DUI Court Process

For many people who are otherwise law-abiding in all other areas of their lives, an arrest for a DUI may be their first contact with the criminal court system. Without a criminal defense lawyer to explain the process and to handle all the paperwork, investigation and negotiations, this can be an intimidating if not frightening experience.


After you have been arrested, your blood alcohol (BAC) tested in most cases, and you are booked (photographed, fingerprinted and other information documented), you will be given a document with your court date and time noted. This is for your arraignment.

At this point, if you have not already done so, you should contact and retain a criminal defense lawyer. Your arraignment is the first stage of your criminal case where you appear before a judge and enter a plea of guilty or not guilty to the charges presented against you. You do have the option of appearing by yourself and pleading guilty.

  • Guilty plea

If you do plead guilty, you will not have the opportunity for an attorney to review your case and to advise you of your defenses and to possibly negotiate for a lesser plea, more reasonable sentence or to have the case dismissed or dropped if certain procedures were not followed or for other reasons.

Once you plead guilty, the judge will sentence you, usually after you have seen a probation officer who will review your history and drinking behavior.

  • Not guilty

Most DUI defendants plead not guilty, though the judge will want you to have an attorney representing you so you can be properly advised. The prosecuting attorney will turn over to your attorney the police reports, a copy of the information or charging document listing the charges against you, and any other evidence found including your BAC results if you took a breath or chemical test.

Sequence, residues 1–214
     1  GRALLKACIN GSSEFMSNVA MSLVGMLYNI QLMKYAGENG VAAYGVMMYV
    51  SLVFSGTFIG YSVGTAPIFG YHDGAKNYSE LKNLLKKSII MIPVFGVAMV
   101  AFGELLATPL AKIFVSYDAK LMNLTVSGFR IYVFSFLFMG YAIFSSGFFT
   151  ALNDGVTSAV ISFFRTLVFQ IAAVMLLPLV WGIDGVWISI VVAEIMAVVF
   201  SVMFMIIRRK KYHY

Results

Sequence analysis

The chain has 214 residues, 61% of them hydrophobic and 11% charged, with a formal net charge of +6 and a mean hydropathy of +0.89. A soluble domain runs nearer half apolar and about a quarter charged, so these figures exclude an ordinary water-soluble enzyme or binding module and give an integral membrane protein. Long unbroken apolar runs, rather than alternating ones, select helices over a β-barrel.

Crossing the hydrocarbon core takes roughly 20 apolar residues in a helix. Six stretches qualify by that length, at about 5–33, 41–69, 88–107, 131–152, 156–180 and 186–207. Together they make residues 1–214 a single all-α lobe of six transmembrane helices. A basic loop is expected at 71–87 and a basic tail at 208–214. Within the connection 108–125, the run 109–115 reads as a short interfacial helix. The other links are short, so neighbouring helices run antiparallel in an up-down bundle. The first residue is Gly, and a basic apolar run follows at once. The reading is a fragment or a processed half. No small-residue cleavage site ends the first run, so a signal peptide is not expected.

You will also be given a return date for a pretrial conference.

Discovery and Investigation

Before your next court appearance, your attorney will request any other evidence, incriminating or exculpatory, that the prosecutor possesses. He or she will conduct any investigation of the facts of your case including contacting and interviewing witnesses, if applicable. In many cases, records pertaining to the breathalyzer or blood used to measure your BAC will be subpoenaed. Your attorney also looks at your driving conduct, performance on any field sobriety tests and the recorded results, and any statements you may have made. If evidence was seized from your vehicle that is being used to charge you with any other offenses, your attorney will review how it was taken. In many cases, either a iphone 8 camera photos or a surveillance camera attached to the officer’s car may have taken a video of you stop and all subsequent events until the officer arrested you.

DUI Motions

There are occasions where your lawyer will challenge the officer’s stop of your vehicle in a probable cause hearing. Your attendance is required at these hearings. Your attorney may move the court to suppress or to toss out any evidence that was illegally obtained by the police or which unduly prejudices you. For example, an officer may have conducted an unlawful search of your car, threatened you or treated you roughly.

Pretrial Conference